Rockfish Charters on the ChesapeakePosted on: March 19, 2019 By: FHMD
The Chesapeake Bay is the largest estuary in the United States, spanning 11,700 miles of shoreline across six states and playing home to some of the world’s largest striped bass (locally known as rockfish for hunting above the the bay’s rocky oyster beds). With that in mind, it’s easy to see why getting out on the bay chasing rockfish – especially during the spring trophy run – is an annual event. With the arrival of spring, now’s the perfect time to start planning a rockfish trip!
Plan for the Spring Run
Rockfish are a sought-after trophy fish up and down the Atlantic seaboard. The Chesapeake Bay is a spawning ground for Maryland’s official state fish, bringing in some of the biggest trophy fish during their yearly run. Schools of world-class rockfish inundate the estuary each spring, attracting with them some of the world’s best fishermen to the spring tournaments.
If you’re like the thousands of anglers who don’t own a boat or the gear to get out into the Chesapeake chasing rockfish, there’s no need to worry. There are plenty of charters throughout the region happy to take you out for the day – all you have to do is show up. These charters have the licenses, gear, and knowledge of the Chesapeake needed to ensure you’ll have a successful fishing trip.
With a ton of lodging options to choose from, why not make a weekend out of your trip? Rest easy before or after your trip to get the most out of what Maryland has to offer. One of the best ways to unwind after a day on the water is to visit a waterfront bar for happy hour and a bite to eat.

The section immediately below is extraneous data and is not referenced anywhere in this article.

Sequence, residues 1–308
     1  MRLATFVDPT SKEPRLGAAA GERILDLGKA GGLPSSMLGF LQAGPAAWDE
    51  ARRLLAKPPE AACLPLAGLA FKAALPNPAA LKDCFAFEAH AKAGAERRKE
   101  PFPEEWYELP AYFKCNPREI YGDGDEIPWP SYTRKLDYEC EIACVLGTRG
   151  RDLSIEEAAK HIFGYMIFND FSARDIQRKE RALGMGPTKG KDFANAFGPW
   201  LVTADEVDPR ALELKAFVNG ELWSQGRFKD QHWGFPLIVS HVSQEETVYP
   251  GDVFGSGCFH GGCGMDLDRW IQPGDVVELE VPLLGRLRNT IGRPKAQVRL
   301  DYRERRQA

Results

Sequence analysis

Some local restaurants will even cook your fresh catch! Rudow’s FishTalk recently published an in-depth article titled Tips for the Traveling Fisherman in Maryland that highlights some of the area’s restaurants that offer this service. They’ve also included local resources and suggestions for places to stay, eat, drop your boat and more.
For a better understanding into all that’s offered to anglers on the Chesapeake Bay and through its charters, be sure to check out our experience video on Chesapeake Fishing Charters. With plenty of things to do on and off the water, there’s no better place for a springtime fishing trip with the family or a group of friends than Maryland.
Now’s the time to start planning your spring trip!
Be sure to visit the Maryland Department of Natural Resources’ online for information on 2019 Maryland Guide to Fishing and Crabbing for fishing licenses and regulations. Also, check out the Plan Your Trip section of our website to find lodging options, fishing charters and guides, and outdoor retailers to get the most out of your fishing trip in Maryland.
If you’re looking to turn your fishing trip into a road trip, there’s no better way to experience the beauty of Maryland than travelling its scenic byways.
There will be no new regulation changes for rockfish this season. However, the Department of Natural Resources and fish-loving Marylanders ask anglers chasing rockfish to please use circle hooks to increase the survivability of striped bass after catch and release.
A regulation involving hooks, bait and striped bass is still in effect through Dec. 15, 2019 in the Chesapeake Bay and its tidal tributaries.
- Anglers must use non-offset circle hooks when live-lining or chumming;
- Anglers must use non-offset circle hooks or “J” hooks when using fish, crabs or worms as bait or when using processed baits while not live-lining or chumming (treble hooks are prohibited); and
- The minimum size for striped bass is 19 inches.